> I've been looking for information on Nauticraft boats… 1. It looks like you've got lots of real world time with the Escapade. I was wondering if you could give me some advice/input on the boat as a user? Sure, I'd be happy to. 2. Is the Escapade capable of extended trips and cruising? (It isn't uncommon for me to do 10 miles a day in my kayak on a lazy day, I often do that for multiple days making 1-3 week trips on my boat) Given my commitments and time available, the longest trip I have taken in my Escapade on open water (Puget Sound) was about 18 or 19 miles. No speed records were attempted, no racing other boats, just cruising between a couple of islands and the mainland. Actual pedaling time was about 4 to 4.5 hours. I have considered going on longer trips, carrying camping gear, etc., but those trips seem to be put off each year until the next year. :-( 3. Does the Escapade have a decent cruise speed (akin to a sea kayak would be fine)? If you are in shape, then you would have a higher cruise speed in a sea kayak. Typical long term cruise speed in an Escapade is 4 to 4.5 mph. 4. Can the Escapade carry at least myself and my daughter? Carrying my Wife, daughter and myself is preferred. Easily done, for the average sized wife and daughter. The seat at the rear is pretty comfortable, and can hold two small adults, or one large and one small person. 5. Can the Escapade carry a backpack with gear? How about a cooler, Coleman stove, and a couple of suitcases as well? No problem! I have carried a couple of kids (ages 5 and 7), a cooler, and a bunch of other stuff, with lots of room to spare on some of my Puget Sound trips. 6. I was wondering what you could tell me about the boat, cruising, wave handling, stability, etc... The boat is fairly massive, relative to a kayak. It has a ballasted sailboat like keel, so it is self righting. Given the rounded hull, however, you will cause the boat to tip (but not over) if you try to stand on one side of the deck to the side of the seat. So yes, the boat can and does rock. This is not a bad thing. That being said, I have had my Escapade out in 3 to 5 foot seas and winds that were measured at 30 knots. In such conditions I have felt perfectly safe, and have kept mostly dry as well. Only a little spray enters the boat under such conditions. Heading into the larger (4 foot) waves it is possible to have a fishbowl effect, where the windshield is partially submerged and you can see clearly under the water. Again, at most a trickle of water enters around the windshield. In all cases the provided bilge pump easily handles any and all water entry with at most a couple of strokes. Travel into the waves under such conditions is typically a little slower than 4 mph. Travel with the waves (surfing) can be up to 5 mph, long term. Generally, if you are into adrenaline rushes, these are the preferred conditions. :-) In addition, the large rudder provides excellent directional control under rough conditions, allowing one to zig over waves and zag through troughs if one desires. 7. How durable is the boat? It is also pretty durable, and will survive being rear ended on its trailer at low speeds by an SUV. I’ve had my boat for nearly 4 years, and have had to do only a minimal amount of bolt tightening, hull washing and windshield polishing. It is still in like new condition, but storing it in my garage probably helps a bit. The only issue that I think might exist for some folks with an Escapade have to do with beaching the craft in a tidal or high wave environment. I would not recommend this practice, as it most likely would cause premature wear and tear on its keel. You might have to investigate adding a rub bar over the keel in order to protect it from such abuse. 8. What depth of water is required for the boat? The depth required is about 18 to 20 inches. 9. What are your thoughts regarding the Escapade? I am pretty happy with my Escapade. Any other questions? :-) Ok, ok - I know pretty much the pluses and minuses about all the pedal boats on the market, and have an opinion about each. The Escapade does a pretty good job of fulfilling most of my boating requirements. I like to take photos and videos, take along an adult or a kid or two once in a while, not worry much about the weather or about getting wet, take along extra stuff (cooler, stove, etc.) once in a while, be able to use it as a swimming platform, and be very low in maintenance. I even use it sometimes to carry bikes and other stuff when I go camping, though I normally remove that stuff when I'm on the water. The padded seat is one of the most comfortable ones available, at least for me, working well for excursions of many hours. The places where, in a perfect world, the Escapade does not do as good a job is that it requires a trailer and a boat launch (or a bunch of strong people), it is not as fast as some other pedal boats, and it is not designed for beaching. If you look at some of my stories about my Escapade Cruises, you might be able to get a picture of some of the things I've done with my boat over the past several years. 10. Could an electric motor be installed on an Escapade, Encore or WaveWalker? All of these boats can be rigged to carry an electric trolling motor. Rusty Lane (mailto:firstname.lastname@example.org), who runs Pedalcraft in Olympia, WA, has experience with some of his customers who have added electric trolling motors to their boats. He can offer his first hand experiences in that area. 11. I noticed on your site a photo of your Escapade's prop with some nasty looking weeds. I can't understand why Nauticraft has hatches on their other two models to remove the weeds but not on the Escapade!? Do you find the weeds cause problems with the prop frequently? I suppose that one could avoid the weedy areas, but part of what I love about boating is the freedom to go where you want to.... Weeds have not really been much of a problem, except in *really* weedy areas. Mercer Slough is something of a water garden, and I would not recommend having any propeller driven craft travel down it. Generally it seems that with the large diameter prop shaft the act of reversing the direction of the pedals normally is enough to loosen and remove the weeds. In cases where something has snagged the propeller or propeller shaft and won't come off by forward/reverse prop action the use of a hooked stick from the rear of the boat can do wonders. Yes, an access port would be preferable. Since this was learned after the Escapade design and molds were completed, it has been incorporated in the newer boats. Unfortunately, it would require some significant changes to the Escapade design for it to work there. Regardless, even with a big ball of weeds (much larger than the weeds remaining you see in the picture) the boat still travels reasonably fast through the water. There is more effort, certainly, but it is still within the acceptable (to me) range.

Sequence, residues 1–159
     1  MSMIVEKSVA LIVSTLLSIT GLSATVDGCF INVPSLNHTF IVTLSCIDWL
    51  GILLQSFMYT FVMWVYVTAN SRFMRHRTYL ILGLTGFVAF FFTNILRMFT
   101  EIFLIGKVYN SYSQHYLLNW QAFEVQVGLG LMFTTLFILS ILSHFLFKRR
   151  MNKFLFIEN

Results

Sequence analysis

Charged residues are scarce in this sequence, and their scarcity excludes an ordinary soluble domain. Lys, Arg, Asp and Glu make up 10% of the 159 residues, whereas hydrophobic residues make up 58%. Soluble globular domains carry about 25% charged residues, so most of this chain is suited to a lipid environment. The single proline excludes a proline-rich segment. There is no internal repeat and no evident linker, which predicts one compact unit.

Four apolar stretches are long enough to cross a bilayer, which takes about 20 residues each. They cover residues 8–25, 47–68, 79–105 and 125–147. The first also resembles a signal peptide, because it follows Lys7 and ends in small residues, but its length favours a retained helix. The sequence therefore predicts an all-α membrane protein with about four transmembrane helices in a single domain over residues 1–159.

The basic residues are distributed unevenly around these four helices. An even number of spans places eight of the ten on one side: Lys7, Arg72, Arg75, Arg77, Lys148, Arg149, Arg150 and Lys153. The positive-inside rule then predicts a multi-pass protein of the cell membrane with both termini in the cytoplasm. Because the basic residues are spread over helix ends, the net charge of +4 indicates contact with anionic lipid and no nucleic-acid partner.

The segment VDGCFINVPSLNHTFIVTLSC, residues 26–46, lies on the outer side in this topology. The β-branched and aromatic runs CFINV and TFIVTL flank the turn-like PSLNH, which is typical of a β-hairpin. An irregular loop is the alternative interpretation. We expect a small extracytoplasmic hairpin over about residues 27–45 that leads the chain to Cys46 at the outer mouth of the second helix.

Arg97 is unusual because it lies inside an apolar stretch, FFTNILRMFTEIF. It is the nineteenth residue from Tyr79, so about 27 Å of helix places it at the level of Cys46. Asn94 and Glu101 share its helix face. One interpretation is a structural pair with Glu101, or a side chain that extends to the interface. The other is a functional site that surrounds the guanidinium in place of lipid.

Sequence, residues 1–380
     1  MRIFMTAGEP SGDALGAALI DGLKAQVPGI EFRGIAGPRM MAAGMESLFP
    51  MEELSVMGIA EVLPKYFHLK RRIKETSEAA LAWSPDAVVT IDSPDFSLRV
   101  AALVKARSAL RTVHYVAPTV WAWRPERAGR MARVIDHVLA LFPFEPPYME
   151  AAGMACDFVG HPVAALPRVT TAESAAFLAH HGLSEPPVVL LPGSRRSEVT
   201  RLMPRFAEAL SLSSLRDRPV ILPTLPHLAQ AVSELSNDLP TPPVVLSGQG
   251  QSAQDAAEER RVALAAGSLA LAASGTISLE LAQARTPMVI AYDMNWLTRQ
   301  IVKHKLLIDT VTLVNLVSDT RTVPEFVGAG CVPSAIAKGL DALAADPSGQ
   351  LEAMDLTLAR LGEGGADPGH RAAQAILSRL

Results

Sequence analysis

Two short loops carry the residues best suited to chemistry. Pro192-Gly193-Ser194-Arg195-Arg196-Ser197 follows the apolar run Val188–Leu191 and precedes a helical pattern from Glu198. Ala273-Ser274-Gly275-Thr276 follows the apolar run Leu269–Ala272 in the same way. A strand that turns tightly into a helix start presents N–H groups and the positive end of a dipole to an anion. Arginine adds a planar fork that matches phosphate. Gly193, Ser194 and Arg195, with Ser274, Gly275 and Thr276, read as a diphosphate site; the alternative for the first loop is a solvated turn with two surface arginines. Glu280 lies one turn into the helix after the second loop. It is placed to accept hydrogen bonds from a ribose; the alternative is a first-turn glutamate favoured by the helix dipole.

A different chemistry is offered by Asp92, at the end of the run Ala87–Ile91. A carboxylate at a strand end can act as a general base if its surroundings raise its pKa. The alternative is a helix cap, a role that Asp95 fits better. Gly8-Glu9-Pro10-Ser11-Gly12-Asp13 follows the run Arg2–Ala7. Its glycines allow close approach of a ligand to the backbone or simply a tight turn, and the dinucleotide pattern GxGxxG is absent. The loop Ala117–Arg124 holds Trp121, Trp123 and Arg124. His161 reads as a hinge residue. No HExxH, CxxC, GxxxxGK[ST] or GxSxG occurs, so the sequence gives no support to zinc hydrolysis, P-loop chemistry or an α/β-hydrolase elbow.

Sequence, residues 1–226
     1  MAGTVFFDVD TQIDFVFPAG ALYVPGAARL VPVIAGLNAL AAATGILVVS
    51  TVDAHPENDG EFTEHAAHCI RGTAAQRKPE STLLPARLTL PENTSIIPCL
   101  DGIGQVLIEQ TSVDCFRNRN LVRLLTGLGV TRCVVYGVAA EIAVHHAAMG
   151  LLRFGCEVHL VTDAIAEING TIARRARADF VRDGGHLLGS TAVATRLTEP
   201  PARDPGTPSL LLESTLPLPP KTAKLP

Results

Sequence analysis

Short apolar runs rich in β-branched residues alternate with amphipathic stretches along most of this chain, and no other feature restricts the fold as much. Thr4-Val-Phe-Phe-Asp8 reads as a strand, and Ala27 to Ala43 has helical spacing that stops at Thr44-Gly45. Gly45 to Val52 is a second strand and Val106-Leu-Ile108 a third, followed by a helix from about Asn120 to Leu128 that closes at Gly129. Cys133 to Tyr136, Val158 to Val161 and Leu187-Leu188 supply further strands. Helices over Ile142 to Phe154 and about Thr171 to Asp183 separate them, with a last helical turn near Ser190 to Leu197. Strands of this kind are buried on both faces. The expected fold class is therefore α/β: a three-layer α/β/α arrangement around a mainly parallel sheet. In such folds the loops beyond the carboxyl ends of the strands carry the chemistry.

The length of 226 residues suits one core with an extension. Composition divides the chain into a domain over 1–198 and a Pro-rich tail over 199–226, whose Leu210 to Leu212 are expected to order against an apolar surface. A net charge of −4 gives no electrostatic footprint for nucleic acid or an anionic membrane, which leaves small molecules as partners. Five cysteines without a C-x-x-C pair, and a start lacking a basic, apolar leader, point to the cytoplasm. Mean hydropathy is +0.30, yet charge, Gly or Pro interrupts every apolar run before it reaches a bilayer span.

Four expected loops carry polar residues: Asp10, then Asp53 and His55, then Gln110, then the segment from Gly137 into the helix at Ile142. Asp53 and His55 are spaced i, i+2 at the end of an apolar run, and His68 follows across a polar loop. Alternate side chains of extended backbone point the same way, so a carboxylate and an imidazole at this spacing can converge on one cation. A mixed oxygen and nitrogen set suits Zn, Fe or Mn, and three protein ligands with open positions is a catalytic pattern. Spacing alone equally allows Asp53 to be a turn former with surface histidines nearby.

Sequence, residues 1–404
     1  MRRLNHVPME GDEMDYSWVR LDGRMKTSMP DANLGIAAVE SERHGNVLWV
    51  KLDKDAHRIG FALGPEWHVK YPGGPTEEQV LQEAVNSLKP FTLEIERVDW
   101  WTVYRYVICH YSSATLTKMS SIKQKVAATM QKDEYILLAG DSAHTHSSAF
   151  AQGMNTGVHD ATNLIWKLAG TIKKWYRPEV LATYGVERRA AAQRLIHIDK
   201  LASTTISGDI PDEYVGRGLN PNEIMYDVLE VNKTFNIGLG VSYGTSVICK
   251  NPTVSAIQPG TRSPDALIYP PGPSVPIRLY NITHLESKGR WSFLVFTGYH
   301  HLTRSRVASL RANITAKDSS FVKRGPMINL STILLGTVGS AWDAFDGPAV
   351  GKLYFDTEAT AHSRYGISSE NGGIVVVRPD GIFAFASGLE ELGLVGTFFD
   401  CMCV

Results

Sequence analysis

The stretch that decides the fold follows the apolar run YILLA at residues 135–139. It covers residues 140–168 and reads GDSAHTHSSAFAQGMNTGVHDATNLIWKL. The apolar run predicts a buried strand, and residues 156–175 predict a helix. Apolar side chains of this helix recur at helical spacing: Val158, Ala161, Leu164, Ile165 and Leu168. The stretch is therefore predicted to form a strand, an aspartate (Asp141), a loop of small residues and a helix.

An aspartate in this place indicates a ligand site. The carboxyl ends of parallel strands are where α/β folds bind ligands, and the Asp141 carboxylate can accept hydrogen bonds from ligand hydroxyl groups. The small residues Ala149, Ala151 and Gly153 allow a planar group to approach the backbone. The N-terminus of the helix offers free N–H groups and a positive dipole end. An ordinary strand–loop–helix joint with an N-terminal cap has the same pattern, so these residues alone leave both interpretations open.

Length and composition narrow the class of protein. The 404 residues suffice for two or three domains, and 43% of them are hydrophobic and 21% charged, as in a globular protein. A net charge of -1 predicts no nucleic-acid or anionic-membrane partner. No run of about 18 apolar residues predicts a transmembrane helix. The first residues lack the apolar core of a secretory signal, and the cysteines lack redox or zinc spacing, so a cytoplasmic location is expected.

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Last updated December 6, 2002 by webmaster email@example.com